“A harsh environment of competition toughens our people and cars,” said Toyota Motor founder Kiichiro Toyoda once said. It’s a quote framing the Toyota Automobile Museum in Aichi, Japan’s newly opened an exhibit highlighting some of the company’s historic race cars. Titled “Toyota Motorsport Biography: Everlasting Challenge Spirit”, the six-month rotation spans fifty years of the company’s competition machines.
The oldest car in the exhibit is a Toyopet Crown RS Deluxe decked out in the livery of Toyota’s entrant to 1957’s running of the 10,500-mile, 19-day Mobilgas Trial of Australia. And though the Crown finished mid-pack, to merely complete the route was a huge feat. It was so tough, only 48 out of the 87 cars did. Mostly, though, this car was notable for being not only the first Toyota to compete in an international race, but the first Japanese car to do so.
Sadly, the original car is long gone, and the Crown on display is a replica. The same goes for the second oldest car in the exhibit, the yellow and green Yatabe speed record 2000GT. The original was destroyed, but it’s still a 2000GT and a faithful replica of the 1966 car that broke 16 FIA world records amidst a torrential downpour. Though it didn’t turn the 2000GT into a sales success, it was enough to prove that Toyota (and by extension, Japan’s auto industry) was to be taken seriously.
By the way, the artwork for this exhibit is gorgeous, and taking front and center position is the Toyota 7. In fact, there are no fewer than three Toyota 7 racers in this exhibit. The first one, the No. 8 car, was the winner of the 1969 World Challenge Cup Fuji 200 Miles, a Japanese Can-Am race. Powered by a 530PS (523 hp) 5.0-liter V8 jointly developed with Yamaha, it was a formidable rival on the circuit.
The 1970 version was to be even more terrifying, its aerodynamic bodywork dominated by giant NACA ducts on either side, an enormous wing, and further development of its V8 engines. The blue and white example was naturally aspirated, but the orange and white one added twin turbos to the V8 for an estimated 830PS (819 hp). Sadly, the series it was developed for was canceled after Nissan pulled out, but the cars made exhibition runs at the 1970 All-Japan Fuji 1000 km race and were seared into the memories of race enthusiasts across the country.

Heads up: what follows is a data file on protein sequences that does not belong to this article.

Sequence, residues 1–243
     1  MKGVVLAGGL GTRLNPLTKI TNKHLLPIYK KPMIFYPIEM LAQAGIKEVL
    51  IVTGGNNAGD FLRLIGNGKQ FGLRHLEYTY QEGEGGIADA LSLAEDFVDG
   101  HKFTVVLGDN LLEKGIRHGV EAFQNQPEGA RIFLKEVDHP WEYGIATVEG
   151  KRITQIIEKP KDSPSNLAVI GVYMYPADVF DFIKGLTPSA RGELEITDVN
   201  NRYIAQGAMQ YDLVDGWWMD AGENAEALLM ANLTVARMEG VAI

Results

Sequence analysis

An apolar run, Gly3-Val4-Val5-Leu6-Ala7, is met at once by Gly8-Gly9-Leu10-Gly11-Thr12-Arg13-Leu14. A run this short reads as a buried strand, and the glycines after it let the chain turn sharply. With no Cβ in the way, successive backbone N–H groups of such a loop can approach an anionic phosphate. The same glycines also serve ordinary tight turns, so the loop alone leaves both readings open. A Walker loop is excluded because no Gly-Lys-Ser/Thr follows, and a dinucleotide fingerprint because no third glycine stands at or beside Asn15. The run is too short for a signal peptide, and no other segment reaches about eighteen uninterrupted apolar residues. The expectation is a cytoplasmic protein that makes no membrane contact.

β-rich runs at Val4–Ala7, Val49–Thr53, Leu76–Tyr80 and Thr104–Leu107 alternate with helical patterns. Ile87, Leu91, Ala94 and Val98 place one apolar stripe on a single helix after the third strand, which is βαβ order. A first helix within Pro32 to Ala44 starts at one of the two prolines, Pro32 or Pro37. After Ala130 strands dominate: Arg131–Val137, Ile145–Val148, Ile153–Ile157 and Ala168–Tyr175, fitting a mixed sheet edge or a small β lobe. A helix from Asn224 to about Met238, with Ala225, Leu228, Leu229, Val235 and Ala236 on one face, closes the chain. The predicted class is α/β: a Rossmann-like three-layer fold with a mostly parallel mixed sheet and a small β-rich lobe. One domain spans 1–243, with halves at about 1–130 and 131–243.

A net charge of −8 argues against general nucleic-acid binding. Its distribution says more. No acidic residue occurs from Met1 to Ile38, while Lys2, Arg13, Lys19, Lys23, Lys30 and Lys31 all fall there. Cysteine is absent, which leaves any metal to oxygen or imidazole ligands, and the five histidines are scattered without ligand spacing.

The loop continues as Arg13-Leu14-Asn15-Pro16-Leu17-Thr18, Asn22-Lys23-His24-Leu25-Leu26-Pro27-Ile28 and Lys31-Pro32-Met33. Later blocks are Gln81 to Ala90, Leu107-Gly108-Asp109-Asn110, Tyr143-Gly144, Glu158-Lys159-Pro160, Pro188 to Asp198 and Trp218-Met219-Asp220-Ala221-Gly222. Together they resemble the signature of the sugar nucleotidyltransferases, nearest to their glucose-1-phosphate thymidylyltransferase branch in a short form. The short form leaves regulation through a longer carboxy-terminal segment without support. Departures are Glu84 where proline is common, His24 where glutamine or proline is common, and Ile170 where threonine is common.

From there, we skip ahead to an IMSA GTO Toyota Celica Turbo. It appears to be the car Chris Cord drove to cinch the 1987 IMSA GTO championships, but it’s labeled as a 1988 model. In any case, it’s great to see a piece of American Toyota racing history in the museum in Japan.
Next is a 1989 Toyota 89C-V, powered by a 3.2-liter twin-turbo V8. The red and white No. 38 car placed first at the 1989 Inter Challenge Fuji 1000 km. Then comes a 1998 Toyota GT-One, one of the most beautiful prototype racers ever built. A similar car placed second at the 1999 24 Hours of Le Mans. And finally, there’s a 2009 Toyota TF109, a reminder of Toyota’s ultimately not-so-successful attempt at a Formula 1 program.
You may notice that there’s a distinct lack of WRC rally cars. Those are in a different exhibit celebrating the history of the Celica model (more on that later). Even without the GT-Fours, it’s a tremendous opportunity to see so many (and such a wide variety) of Toyota’s most iconic racing machines all in one spot. Toyota Motorsport Biography: Everlasting Challenge Spirit runs until April 11, 2021.
Images courtesy of Masumo Hiroyuki/Toyota Automobile Museum.